Decorating or styling?
Ok. I get to put on my slightly snooty decorators hat for this one. Decorating a book case, or a coffee table, or a shelf or the top of a dresser means painting designs on it, or adding tassels or nail-head trim, or adding some wood trim. It means embellishing the surface. Styling refers to the arranging of items on that surface. So, yes, you could style a decorated book case. But you do not decorate a coffee table with books, just as you do not style a coffee table with new paint.
There, that’s out of the way.
I was in a group discussion the other day and this came up when talking about how to arrange items on the top of a bureau in the living room. And as that was the reason for the discussion, I’ll share what we decided. These guidelines apply to bureaus, coffee tables, decorative shelves. mantles — places where you are displaying things.
1. Things always look best in groups of three.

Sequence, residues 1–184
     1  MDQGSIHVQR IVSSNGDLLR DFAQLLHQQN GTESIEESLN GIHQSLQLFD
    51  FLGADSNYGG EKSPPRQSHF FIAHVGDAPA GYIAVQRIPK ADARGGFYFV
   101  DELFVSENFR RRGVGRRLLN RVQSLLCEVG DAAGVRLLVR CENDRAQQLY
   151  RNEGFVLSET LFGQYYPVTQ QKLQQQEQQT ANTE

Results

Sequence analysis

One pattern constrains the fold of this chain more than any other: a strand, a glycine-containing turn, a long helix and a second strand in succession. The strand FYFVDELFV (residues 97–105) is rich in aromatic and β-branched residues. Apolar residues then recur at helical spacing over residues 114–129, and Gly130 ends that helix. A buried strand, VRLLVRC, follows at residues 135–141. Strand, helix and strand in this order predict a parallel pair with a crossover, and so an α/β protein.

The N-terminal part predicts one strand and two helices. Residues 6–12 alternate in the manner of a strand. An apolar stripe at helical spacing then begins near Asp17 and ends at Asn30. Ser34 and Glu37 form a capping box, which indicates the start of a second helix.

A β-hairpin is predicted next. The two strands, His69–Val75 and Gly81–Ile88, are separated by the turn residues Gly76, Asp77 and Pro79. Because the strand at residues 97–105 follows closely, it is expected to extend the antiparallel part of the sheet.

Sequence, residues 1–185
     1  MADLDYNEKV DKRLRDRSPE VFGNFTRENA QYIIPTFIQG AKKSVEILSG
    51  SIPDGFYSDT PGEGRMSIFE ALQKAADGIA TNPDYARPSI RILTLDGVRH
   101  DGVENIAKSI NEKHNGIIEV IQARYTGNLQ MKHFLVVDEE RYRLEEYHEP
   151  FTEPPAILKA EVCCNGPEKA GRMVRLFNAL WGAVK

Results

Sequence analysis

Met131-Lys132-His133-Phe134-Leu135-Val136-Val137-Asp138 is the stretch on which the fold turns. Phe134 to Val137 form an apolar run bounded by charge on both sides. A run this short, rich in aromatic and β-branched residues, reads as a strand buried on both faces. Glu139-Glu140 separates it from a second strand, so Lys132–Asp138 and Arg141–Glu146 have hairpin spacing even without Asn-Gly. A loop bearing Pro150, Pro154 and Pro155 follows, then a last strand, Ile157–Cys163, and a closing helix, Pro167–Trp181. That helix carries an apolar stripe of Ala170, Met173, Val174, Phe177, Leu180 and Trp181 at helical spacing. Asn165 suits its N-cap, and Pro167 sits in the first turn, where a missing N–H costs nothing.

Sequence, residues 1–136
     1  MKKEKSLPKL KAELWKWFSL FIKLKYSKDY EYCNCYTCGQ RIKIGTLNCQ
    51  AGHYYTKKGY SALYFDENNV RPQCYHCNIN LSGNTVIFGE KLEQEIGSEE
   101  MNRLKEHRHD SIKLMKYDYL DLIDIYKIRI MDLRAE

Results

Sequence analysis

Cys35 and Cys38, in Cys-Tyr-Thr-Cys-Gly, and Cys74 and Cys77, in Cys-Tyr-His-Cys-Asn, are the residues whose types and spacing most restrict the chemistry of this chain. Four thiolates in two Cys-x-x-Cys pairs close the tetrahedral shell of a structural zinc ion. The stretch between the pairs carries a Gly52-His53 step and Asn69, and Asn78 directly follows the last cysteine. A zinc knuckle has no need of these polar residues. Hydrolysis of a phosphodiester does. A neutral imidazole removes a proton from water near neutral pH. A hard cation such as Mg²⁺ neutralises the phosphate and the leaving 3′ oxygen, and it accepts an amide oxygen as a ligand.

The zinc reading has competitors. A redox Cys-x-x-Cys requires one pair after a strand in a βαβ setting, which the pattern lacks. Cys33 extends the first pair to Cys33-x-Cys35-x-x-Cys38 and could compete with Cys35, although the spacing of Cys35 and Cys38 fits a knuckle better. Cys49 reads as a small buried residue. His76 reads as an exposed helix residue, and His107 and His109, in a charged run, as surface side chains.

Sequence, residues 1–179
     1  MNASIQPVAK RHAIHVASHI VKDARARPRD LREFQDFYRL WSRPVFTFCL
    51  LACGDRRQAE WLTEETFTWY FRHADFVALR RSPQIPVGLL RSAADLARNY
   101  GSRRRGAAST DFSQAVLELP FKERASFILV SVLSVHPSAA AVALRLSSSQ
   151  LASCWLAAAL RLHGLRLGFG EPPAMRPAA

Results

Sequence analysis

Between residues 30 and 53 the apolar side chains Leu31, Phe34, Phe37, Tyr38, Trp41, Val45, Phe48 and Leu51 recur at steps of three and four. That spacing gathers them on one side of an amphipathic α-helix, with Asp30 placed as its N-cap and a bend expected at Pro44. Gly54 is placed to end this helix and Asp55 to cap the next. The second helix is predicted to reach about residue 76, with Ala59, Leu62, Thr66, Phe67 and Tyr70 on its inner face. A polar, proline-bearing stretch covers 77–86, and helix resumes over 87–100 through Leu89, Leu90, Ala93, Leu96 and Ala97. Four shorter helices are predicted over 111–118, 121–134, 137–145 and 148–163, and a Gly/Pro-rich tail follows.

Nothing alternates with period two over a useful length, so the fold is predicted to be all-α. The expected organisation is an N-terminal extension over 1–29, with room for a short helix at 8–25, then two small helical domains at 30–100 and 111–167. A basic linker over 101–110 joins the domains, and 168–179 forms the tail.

-don’t know why, but this is true. It’s one of those truisms which you just have to accept. I wish someone would explain why this is true. I’d be interested.
2. Pick items which belong together.
– for example: typically, a vase, a softball and a rock don’t belong together.
– successful tablescapes tell a story, or reinforce the room theme or color scheme.
3. Choose items of different heights and sizes.
– but one super large and two tiny doesn’t cut it either.
– three books stacked on top of each other make one taller, larger item. They don’t qualify as 3 books.
4. Make sure that any item is large enough to be easily identified from the normal viewing distance.
-it isn’t a valued part of the tablescape if you can’t tell what it is.
-your tablescape will lose its importance completely if you have to get right up to it to see the components.
5. Vary texture.
-some smooth, some rough, some shiny, some dull.
6. Use items which relate to the theme of the room.
– a small table-top lighthouse, a miniature boat and a reed ball belong in the sea- side cottage. A victorian picture framed photo, a small nose-gay of flowers and a book about needlepoint belong in a Shabby Chic room.
7. Pay attention to scale and balance.
– a great big flower in a tiny vase — no. Two blue things and one green thing — probably no because the green one will take visual importance over the things which are the same.